x Abu Dhabi, UAETuesday 23 January 2018

Emiratisation plan requires teamwork

New federal guidelines should help reinvigorate the Emiratisation drive, but many long-standing concerns need addressing.

The UAE's Emiratisation programme has met various degrees of success in the face of job market uncertainty and the rising number of expatriates entering the country. But the new policy announced yesterday could finally give it the kick-start needed to bring significant numbers of Emiratis into the private sector.

The Federal Cabinet has drafted three new resolutions intended to streamline the process of integrating Emiratis into the workplace and prepare them for prominent positions in the future.

This is a welcome initiative. No doubt the Government will, in the coming days, reveal details of how it hopes to proceed. Certainly this challenge will demand a well defined strategy.

Bringing more Emiratis into the private sector remains a strategic issue. Beyond real demographic constraints, there is also the fact that many Emiratis gravitate toward public sector jobs, which offer better job security and salaries that private sector firms cannot match. Still, the notion that most Emiratis are not interested in working in the private sector is an oversimplification.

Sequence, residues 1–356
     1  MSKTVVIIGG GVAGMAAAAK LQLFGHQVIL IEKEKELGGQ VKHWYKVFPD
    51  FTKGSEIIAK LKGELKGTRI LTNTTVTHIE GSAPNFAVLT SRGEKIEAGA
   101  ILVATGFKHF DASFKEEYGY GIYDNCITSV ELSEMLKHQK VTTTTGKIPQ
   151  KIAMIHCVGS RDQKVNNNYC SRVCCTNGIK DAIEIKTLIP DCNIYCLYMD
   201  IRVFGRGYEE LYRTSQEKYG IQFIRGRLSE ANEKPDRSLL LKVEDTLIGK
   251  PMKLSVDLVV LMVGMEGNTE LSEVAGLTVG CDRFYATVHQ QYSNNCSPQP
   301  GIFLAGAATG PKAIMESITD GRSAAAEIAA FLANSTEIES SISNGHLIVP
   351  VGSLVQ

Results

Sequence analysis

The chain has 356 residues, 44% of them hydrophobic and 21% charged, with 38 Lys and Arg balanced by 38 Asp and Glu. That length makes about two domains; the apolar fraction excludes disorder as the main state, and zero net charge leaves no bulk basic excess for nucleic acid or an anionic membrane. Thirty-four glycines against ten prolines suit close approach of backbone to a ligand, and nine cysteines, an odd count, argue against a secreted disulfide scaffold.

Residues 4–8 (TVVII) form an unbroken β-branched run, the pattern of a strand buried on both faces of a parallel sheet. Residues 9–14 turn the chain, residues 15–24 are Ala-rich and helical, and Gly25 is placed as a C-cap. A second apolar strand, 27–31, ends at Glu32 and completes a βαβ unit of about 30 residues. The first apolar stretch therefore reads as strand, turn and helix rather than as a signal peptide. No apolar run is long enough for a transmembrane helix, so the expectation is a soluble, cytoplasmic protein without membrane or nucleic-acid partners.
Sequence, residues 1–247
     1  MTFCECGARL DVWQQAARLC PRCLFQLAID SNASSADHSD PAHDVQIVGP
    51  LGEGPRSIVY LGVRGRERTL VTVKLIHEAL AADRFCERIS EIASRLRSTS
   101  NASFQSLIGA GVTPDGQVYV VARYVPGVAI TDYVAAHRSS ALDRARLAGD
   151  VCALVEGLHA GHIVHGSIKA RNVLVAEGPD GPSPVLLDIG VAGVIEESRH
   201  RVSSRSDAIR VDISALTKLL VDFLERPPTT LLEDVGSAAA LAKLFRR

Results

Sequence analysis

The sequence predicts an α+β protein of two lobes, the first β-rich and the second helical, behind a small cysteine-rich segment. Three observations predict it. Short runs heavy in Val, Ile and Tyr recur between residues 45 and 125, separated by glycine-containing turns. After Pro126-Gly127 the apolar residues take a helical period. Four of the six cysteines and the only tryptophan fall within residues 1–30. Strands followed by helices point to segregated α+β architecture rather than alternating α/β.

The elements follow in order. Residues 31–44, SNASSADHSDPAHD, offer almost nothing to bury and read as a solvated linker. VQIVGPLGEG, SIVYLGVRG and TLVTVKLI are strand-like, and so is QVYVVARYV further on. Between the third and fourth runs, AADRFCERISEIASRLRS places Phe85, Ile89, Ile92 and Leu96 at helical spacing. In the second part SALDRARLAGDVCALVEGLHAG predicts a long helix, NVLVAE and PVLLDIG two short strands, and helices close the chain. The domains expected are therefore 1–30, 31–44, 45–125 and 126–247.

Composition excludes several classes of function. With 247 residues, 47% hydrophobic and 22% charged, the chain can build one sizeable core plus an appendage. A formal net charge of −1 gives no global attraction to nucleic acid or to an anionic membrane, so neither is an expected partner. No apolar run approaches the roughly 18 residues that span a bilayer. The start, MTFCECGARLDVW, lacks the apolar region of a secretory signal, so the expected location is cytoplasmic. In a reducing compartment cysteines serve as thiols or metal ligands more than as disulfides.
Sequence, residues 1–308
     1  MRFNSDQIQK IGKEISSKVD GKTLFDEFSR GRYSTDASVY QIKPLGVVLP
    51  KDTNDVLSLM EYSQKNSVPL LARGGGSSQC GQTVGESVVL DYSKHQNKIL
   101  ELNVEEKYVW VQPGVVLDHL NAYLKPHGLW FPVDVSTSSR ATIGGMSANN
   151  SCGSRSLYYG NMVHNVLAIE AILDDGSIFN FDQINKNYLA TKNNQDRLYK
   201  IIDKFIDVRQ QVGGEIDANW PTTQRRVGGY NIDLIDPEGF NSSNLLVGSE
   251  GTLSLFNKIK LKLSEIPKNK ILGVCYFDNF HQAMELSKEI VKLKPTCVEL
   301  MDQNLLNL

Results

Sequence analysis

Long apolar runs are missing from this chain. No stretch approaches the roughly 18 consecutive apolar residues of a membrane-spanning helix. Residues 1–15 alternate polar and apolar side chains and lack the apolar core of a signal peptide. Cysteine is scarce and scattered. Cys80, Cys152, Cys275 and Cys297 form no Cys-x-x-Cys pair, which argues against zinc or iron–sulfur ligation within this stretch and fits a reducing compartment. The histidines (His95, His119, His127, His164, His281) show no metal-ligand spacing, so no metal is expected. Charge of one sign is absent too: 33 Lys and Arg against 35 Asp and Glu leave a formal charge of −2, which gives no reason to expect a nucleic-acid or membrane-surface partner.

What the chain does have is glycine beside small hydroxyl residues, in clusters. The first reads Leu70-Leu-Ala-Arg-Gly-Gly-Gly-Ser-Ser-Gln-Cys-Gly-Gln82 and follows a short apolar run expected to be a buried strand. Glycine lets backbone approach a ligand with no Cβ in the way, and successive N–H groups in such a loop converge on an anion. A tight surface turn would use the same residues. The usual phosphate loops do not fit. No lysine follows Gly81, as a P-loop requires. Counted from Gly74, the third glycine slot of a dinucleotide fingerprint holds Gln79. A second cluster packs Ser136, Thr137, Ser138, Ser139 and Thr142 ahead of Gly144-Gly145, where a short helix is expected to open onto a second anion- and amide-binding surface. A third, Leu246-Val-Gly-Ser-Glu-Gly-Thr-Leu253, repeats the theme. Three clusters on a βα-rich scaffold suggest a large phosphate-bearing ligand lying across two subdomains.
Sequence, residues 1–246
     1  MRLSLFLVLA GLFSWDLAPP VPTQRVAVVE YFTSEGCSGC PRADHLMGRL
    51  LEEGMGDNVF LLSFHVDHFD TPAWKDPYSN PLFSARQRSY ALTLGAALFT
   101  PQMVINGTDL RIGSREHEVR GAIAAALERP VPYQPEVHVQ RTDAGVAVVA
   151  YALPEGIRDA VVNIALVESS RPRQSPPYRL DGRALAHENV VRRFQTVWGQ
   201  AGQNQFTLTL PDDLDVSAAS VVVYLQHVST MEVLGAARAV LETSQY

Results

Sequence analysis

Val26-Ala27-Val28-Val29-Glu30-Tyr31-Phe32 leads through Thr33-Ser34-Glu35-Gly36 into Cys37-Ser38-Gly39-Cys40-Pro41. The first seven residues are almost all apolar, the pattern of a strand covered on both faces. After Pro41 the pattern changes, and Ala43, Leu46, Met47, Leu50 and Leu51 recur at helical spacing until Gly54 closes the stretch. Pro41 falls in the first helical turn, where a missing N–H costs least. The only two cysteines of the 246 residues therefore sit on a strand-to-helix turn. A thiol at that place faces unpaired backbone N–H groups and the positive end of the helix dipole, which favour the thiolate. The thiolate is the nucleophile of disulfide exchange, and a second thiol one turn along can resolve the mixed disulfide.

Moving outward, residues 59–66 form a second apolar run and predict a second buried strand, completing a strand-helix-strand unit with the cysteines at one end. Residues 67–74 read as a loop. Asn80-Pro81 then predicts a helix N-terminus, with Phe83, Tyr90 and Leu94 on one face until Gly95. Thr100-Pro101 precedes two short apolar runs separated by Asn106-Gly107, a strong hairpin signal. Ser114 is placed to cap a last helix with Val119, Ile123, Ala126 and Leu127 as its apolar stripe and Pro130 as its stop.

Employers, for their part, have either stuck to outdated stereotypes about Emiratis, or failed to set up efficient recruitment processes. In fact, many individuals complain that they are unaware of job opportunities in the private sector. That is simple employer short-sightedness.

Hiring Emiratis brings numerous benefits for private firms. To start with Emiratis need neither visa and document processing nor foreign recruitment costs and delays. They also bring with them local knowledge and community connections that can lead to greater revenues and business opportunities. Ultimately, it is the right thing to do for any business.

But the education system must play an integral role in bringing Emirati workers into the private workforce. Schools must provide better career counselling and vocational training. Last year, a survey by the Mohammed bin Rashid Foundation found that just half of Arab executives felt that Emiratis were prepared for work in their industries.

Improving school standards must be made a priority.

It is crucial for the well-being of the country that Emiratisation efforts succeed. But for that to happen, every stakeholder from Government to employers, and schools to young Emiratis themselves must work in unison.